Why that feeling you get when you see iconic American natural wonders is actually patriotic
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Sierra Club

In the far northeast corner of Alaska, with no roads going in or out, lay nearly 20 million acres of wildlife refuge.

It's the Arctic National Wildlife Refuge, the largest national wildlife refuge in the country.

Its goals are very specific: to conserve animals and plants in their natural diversity, to ensure a place for hunting and gathering activities, to protect water quality and quantity, and to fulfill international wildlife treaty obligations.


It's a beautiful place. And recently, Michael Brune of the Sierra Club was lucky enough to visit it.

During his trip up to the Arctic, he realized some important things.

All images via Sierra Club.

Contemplating the refuge, Michael says:

“One of the things that defines our country is the vast areas of magnificent wilderness that we have."


"These are part of what the American experience is."

"Protecting the Arctic is really about protecting and enhancing what it is that makes our country what it is."

America is made up of so many beautiful natural landscapes like this one.

The Grand Canyon. Niagara Falls. The redwood forests. These are just a few of the attractions that are not only cherished by us, but are admired by people all around the world.

Protecting them isn't just a noble cause, it's downright patriotic.

Why? Because these are a huge part of what makes America, well, American.

If this "America is our wilderness" theme sounds familiar, it's because you've probably heard it before. Henry David Thoreau spoke in 1862 of the importance of wild spaces left to decay and flourish.

When Michael Brune talks about wilderness, it's as if he is channelling some of America's great naturalists and most passionate environmentalists — like John Muir or Teddy Roosevelt, two founders of the Sierra Club.

Wilderness has been important to Americans for a long time. Hear Michael's voice in this video, tying our American identities to the wild places we protect:

Puts it in a kind of unique perspective, no?

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Upworthy and P&G Good Everyday are teaming up to find the people who lead with love everyday.

Know someone in your neighborhood who's known for their optimistic attitude, commitment to bettering their community and always leading with love? Tell us about them for the chance to win a $2,000 grant to keep doing good in their community.

Nomination ends November 22, 2020

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Brittany Kinley, a mother from Mansfield, Texas, had a hilarious mom fail her and she's chalking it up to being just another crazy thing that happened in 2020.

When Kinley filled out the order form for her son Mason's kindergarten class pictures, there was an option to have his name engraved into the photos. But Kinley wasn't interested in having her son's name on the photos so she wrote "I DON'T WANT THIS" on the box.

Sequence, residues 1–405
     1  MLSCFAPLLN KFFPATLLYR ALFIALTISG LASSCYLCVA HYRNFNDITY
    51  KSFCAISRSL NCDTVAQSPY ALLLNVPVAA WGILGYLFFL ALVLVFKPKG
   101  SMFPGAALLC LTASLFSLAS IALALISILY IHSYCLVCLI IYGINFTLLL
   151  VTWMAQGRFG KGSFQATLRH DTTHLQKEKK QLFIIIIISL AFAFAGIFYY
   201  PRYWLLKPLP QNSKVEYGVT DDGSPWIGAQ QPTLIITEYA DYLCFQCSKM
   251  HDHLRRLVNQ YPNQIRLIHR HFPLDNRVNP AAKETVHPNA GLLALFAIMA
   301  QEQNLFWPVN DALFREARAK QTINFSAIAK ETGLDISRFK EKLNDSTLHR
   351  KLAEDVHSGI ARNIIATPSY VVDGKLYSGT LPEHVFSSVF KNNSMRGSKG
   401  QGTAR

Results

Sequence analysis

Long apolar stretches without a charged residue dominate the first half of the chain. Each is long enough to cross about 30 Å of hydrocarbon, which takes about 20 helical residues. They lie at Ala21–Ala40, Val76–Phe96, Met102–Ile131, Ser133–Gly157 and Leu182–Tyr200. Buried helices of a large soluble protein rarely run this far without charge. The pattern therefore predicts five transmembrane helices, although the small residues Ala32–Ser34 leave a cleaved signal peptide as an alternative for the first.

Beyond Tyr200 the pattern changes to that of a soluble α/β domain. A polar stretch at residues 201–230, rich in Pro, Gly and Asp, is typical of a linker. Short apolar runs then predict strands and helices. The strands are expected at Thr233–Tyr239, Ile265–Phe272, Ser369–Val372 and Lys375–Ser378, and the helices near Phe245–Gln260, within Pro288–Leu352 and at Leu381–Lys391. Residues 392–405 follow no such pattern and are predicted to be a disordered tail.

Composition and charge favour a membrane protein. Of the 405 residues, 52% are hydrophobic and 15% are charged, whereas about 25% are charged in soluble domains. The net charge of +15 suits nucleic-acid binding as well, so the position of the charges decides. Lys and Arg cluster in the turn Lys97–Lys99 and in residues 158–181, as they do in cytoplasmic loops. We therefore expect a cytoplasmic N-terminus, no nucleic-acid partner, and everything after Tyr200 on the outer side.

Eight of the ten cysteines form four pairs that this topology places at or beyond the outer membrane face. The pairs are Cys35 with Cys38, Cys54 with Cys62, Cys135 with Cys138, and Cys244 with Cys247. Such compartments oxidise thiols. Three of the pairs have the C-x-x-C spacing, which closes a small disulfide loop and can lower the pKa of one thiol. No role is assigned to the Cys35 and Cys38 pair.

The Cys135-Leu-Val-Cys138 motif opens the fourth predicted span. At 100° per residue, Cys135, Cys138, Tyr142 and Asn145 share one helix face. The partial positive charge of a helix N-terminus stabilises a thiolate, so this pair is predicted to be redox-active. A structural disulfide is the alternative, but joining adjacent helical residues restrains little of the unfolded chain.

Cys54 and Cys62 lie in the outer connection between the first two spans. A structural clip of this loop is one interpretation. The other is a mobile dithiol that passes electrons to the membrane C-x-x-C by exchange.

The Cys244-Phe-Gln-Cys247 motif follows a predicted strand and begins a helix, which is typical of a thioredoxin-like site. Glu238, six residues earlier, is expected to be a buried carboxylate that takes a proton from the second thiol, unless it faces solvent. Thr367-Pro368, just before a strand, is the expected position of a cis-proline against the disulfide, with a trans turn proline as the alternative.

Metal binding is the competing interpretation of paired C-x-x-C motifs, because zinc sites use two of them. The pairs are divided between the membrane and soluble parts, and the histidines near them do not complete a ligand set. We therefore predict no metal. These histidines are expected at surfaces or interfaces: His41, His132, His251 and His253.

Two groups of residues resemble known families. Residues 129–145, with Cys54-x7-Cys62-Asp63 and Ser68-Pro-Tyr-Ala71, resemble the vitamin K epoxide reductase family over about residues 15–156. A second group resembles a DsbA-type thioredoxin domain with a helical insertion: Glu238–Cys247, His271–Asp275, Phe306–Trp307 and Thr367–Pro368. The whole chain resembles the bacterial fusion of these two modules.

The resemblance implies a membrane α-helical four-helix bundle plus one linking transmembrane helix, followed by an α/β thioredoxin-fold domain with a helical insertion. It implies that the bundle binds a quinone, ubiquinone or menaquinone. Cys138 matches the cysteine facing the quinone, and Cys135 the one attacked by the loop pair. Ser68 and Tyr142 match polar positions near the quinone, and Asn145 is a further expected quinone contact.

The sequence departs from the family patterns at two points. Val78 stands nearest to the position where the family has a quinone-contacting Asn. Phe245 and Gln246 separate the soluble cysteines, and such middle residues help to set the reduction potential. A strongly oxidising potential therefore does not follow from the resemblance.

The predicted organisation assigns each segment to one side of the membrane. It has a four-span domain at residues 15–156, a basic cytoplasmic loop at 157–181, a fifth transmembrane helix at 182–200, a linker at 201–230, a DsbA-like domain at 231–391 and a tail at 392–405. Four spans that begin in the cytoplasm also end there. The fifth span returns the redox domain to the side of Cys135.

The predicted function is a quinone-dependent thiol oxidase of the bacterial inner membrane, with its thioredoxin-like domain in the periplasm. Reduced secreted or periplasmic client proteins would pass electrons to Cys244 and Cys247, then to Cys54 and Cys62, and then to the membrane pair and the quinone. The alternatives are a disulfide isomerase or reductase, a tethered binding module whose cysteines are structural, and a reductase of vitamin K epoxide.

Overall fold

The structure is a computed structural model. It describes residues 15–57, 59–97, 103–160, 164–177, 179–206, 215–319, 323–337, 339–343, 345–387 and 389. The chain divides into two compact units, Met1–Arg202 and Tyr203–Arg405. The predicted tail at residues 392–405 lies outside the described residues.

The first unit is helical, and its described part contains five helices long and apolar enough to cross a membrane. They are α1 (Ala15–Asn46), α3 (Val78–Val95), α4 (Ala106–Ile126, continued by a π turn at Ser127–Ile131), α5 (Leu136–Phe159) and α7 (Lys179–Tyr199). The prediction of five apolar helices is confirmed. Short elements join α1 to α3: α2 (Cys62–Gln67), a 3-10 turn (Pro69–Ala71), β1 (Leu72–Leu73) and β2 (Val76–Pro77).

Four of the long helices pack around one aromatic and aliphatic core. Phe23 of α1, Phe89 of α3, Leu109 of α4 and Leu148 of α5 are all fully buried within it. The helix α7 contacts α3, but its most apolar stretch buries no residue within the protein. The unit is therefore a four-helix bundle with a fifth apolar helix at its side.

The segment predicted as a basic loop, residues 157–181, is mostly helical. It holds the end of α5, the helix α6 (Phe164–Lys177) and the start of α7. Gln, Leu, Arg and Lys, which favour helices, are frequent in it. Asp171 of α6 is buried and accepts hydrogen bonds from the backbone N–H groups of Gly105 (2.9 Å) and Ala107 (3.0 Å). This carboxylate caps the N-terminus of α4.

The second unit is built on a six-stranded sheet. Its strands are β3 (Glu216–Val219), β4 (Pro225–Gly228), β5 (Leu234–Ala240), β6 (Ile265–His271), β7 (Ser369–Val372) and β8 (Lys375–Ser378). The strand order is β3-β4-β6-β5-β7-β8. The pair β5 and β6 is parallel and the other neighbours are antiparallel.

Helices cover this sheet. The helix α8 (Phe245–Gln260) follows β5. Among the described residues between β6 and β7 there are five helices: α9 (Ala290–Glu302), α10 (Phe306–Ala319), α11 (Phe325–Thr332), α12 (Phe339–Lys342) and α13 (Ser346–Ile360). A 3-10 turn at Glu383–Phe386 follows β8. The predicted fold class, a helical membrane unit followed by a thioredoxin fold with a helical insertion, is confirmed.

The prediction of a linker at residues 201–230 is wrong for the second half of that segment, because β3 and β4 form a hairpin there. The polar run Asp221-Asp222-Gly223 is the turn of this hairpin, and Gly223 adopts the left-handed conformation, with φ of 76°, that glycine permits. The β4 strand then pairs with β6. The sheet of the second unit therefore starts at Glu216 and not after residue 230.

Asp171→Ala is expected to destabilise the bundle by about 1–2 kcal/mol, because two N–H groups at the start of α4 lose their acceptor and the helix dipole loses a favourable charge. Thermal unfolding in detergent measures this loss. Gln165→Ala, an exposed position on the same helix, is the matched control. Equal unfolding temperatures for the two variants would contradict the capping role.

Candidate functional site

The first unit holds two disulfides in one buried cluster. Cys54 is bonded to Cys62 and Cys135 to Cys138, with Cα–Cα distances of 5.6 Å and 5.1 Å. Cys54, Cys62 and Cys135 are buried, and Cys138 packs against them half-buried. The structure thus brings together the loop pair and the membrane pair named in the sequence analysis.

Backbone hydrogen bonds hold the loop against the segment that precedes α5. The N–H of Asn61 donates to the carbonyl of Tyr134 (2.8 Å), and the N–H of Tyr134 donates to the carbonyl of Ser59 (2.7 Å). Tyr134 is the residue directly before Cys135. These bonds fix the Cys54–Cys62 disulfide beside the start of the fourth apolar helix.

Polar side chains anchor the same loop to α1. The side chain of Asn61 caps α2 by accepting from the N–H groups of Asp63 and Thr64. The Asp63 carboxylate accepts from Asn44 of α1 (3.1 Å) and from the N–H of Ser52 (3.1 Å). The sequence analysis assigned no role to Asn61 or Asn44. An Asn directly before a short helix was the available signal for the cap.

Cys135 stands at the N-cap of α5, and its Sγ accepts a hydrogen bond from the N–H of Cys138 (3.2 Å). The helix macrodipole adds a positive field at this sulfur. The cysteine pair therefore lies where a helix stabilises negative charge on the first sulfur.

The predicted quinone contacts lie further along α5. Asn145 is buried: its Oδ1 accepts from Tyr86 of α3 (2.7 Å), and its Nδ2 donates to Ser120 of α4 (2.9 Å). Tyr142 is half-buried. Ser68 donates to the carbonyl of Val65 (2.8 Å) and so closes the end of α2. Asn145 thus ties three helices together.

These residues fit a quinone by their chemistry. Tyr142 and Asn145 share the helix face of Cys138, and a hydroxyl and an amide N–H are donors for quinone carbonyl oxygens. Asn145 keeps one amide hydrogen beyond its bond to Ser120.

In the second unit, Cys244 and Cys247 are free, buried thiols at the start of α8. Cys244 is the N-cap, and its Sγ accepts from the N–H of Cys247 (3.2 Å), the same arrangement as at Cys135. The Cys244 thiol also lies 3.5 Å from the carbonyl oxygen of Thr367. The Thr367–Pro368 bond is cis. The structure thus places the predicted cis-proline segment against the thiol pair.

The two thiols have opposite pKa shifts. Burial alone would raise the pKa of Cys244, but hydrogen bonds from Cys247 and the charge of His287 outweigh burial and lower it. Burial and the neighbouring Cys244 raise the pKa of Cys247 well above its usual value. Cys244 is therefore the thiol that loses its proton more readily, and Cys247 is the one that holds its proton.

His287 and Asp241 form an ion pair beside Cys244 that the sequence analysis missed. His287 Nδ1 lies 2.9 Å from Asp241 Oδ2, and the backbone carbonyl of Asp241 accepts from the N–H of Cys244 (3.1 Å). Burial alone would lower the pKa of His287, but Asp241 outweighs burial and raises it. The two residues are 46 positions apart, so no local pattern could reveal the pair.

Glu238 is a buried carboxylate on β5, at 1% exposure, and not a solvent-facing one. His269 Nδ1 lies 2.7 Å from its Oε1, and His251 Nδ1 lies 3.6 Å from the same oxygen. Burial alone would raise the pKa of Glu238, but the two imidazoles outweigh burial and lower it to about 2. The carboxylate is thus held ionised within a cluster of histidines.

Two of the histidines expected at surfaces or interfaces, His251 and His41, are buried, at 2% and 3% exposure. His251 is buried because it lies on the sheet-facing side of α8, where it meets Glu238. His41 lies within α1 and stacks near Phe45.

Well, it appears as though she should have left the box blank because the computer or incredibly literal human that designed the photographs wrote "I DON'T WANT THIS" where mason's name should be.

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A lot of people here are like family to me," Michelle says about Bread for the City — a community nonprofit located in Washington DC that provides local residents with food, clothing, health care, social advocacy, and legal services. And since the pandemic began, the need to support organizations like Bread for the City is greater than ever, which is why Amazon is Delivering Smiles to local charities across the country this holiday season.

Watch the full story:

Amazon is giving back by fulfilling hundreds of AmazonSmile Charity Lists, and donating essential pantry and food items to help organizations like Bread for the City provide to those disproportionately impacted this year.

Visit AmazonSmile Charity Lists to donate directly to a local charity in your community, or simply shop smile.amazon.com and Amazon will donate a portion of the purchase price of eligible products to your charity of choice.
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Back in 2017, when white supremacist Richard Spencer was socked in the face by someone wearing all black at Trump's inauguration, it launched an online debate, "Is it OK to punch a Nazi?"

The essential nature of the debate was whether it was acceptable for people to act violently towards someone with repugnant reviews, even if they were being peaceful. Some suggested people should confront them peacefully by engaging in a debate or at least make them feel uncomfortable being Nazi in public.

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In December 2018, The Utah Department of Transportation opened the largest wildlife overpass in the state, spanning 320 by 50 feet across all six lanes of Interstate 80.

Its construction was intended to make traveling through the I-80 corridor in Summit County safer for motorists and the local wildlife.

The Salt Lake Tribune reports that there were over 100 animal incidents on the interstate since 2016, giving the stretch of highway the unfortunate nickname of "Slaughter Row."

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